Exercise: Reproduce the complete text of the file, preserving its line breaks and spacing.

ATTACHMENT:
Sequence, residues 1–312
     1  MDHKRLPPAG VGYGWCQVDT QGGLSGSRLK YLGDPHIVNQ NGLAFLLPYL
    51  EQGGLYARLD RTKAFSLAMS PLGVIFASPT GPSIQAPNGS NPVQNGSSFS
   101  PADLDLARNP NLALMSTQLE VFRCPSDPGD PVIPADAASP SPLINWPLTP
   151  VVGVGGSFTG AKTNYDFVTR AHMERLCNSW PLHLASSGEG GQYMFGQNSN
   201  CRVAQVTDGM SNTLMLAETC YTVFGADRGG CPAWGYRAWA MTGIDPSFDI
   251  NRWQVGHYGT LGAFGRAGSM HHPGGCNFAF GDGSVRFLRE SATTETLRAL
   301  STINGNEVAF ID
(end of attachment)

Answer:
Sequence, residues 1–312
     1  MDHKRLPPAG VGYGWCQVDT QGGLSGSRLK YLGDPHIVNQ NGLAFLLPYL
    51  EQGGLYARLD RTKAFSLAMS PLGVIFASPT GPSIQAPNGS NPVQNGSSFS
   101  PADLDLARNP NLALMSTQLE VFRCPSDPGD PVIPADAASP SPLINWPLTP
   151  VVGVGGSFTG AKTNYDFVTR AHMERLCNSW PLHLASSGEG GQYMFGQNSN
   201  CRVAQVTDGM SNTLMLAETC YTVFGADRGG CPAWGYRAWA MTGIDPSFDI
   251  NRWQVGHYGT LGAFGRAGSM HHPGGCNFAF GDGSVRFLRE SATTETLRAL
   301  STINGNEVAF ID